Virtual hospitals have become strategic for modern healthcare organizations, where patients’ vital signs are monitored remotely using wireless technology. Virtual care enables medical teams to track hundreds of ‘remote patients’ at any given time, resulting in far more efficient use of resources and alleviating the strain on physical hospitals.

Public health expert Professor Rod McClure, Dean of Medicine at University of New England, is the pioneer of virtual hospitals in Australia and was asked by New South Wales Health in Australia to come and set up the country’s first virtual hospital, with the aim of providing remote healthcare for patients with chronic conditions, many of whom live a long way from their nearest hospital.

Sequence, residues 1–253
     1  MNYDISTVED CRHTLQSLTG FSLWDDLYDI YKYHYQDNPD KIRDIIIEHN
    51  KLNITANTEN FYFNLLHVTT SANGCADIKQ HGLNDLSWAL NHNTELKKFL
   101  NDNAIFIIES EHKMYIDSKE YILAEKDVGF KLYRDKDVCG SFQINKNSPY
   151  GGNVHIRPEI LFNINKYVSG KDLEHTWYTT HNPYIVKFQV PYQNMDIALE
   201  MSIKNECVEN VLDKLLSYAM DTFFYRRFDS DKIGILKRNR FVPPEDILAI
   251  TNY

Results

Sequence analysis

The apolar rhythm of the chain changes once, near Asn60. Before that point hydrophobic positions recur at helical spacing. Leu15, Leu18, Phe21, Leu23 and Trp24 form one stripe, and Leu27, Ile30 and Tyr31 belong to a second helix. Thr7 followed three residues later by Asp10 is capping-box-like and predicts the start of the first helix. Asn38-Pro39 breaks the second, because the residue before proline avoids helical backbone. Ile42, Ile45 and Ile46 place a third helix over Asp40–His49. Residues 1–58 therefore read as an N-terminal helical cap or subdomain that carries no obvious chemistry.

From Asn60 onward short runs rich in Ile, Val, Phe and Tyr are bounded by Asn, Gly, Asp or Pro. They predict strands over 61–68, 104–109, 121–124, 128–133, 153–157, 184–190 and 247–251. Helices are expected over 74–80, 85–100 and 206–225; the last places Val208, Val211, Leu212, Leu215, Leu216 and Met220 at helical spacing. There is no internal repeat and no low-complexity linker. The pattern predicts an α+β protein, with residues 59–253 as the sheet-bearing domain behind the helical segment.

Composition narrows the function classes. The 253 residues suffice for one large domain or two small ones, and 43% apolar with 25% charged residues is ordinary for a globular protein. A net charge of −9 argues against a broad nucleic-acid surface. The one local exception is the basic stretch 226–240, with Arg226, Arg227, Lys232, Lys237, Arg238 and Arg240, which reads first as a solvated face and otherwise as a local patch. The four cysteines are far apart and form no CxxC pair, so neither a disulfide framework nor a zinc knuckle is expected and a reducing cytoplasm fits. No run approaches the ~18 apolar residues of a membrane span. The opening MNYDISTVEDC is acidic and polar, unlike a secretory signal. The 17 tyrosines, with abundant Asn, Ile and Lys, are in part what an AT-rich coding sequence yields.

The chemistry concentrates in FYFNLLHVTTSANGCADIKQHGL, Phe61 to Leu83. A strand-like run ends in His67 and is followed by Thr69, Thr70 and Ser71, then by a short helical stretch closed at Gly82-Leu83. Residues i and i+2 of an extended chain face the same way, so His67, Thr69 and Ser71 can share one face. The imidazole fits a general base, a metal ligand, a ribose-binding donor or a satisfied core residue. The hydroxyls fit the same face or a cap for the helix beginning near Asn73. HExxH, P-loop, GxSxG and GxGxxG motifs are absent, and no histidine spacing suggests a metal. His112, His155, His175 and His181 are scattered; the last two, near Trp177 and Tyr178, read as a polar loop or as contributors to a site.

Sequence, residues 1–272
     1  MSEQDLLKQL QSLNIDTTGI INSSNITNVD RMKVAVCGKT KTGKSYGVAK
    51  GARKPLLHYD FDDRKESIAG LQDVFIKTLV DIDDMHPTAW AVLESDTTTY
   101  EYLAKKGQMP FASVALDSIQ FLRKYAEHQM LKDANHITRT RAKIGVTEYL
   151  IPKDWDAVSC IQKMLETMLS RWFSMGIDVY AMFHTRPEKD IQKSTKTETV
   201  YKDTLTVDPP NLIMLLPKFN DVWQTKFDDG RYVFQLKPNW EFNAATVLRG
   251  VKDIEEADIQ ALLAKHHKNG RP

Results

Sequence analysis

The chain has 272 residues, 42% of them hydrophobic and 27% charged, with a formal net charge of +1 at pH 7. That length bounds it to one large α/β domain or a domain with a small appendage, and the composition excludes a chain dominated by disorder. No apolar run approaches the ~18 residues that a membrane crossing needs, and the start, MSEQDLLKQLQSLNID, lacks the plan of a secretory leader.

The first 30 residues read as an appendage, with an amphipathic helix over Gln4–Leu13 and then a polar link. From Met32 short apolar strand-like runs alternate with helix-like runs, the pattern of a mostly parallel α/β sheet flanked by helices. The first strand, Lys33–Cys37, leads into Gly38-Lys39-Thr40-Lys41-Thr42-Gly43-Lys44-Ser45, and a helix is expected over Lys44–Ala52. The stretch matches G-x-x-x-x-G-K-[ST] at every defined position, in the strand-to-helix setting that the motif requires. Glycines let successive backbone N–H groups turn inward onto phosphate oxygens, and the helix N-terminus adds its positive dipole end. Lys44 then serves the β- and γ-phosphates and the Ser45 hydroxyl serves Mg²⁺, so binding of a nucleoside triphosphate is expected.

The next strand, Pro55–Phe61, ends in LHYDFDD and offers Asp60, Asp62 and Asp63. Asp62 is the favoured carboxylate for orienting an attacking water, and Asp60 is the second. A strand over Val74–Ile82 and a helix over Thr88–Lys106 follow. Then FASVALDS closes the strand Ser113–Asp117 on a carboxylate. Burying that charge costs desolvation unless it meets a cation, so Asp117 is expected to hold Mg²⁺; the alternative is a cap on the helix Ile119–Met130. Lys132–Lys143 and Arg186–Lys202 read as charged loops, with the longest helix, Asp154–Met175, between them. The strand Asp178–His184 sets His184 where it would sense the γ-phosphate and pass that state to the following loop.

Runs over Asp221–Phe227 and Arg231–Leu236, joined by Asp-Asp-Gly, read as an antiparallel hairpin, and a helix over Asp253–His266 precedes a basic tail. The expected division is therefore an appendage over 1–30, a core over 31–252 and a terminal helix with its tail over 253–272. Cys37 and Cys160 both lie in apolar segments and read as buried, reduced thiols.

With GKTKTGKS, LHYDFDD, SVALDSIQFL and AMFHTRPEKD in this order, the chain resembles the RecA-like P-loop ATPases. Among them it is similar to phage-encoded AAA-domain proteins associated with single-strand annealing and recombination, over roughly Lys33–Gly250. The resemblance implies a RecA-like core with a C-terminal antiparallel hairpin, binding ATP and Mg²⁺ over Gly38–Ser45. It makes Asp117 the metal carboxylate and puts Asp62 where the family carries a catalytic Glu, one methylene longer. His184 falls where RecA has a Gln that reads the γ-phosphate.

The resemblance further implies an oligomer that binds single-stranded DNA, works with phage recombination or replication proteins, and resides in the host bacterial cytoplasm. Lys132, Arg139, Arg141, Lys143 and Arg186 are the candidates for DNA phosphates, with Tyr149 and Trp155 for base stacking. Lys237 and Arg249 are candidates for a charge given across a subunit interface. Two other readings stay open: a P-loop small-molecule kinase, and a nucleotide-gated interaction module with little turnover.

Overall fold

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Clinically Distanced Monitoring – keeping Patients and Clinicians Safe

During the peaks of the Covid-19 pandemic, the last place you wanted to find yourself was in a hospital. The high incidence of severe cases of Covid-19 among hospital clinicians was a reflection of just how dangerous their work is when it brings them face-to-face with patients suffering from a highly contagious virus.

Minimizing the risk to clinicians has been one of the key learnings from this experience, along with the need to be able to scale patient care rapidly and flexibly, the need to provide earlier diagnoses and interventions and the need to learn fast and deploy staffing resources as efficiently as possible.

In all these requirements, remotely distanced wireless patient monitoring holds the key.

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Beyond The ICU: Maintaining Standards in Remote Patient Monitoring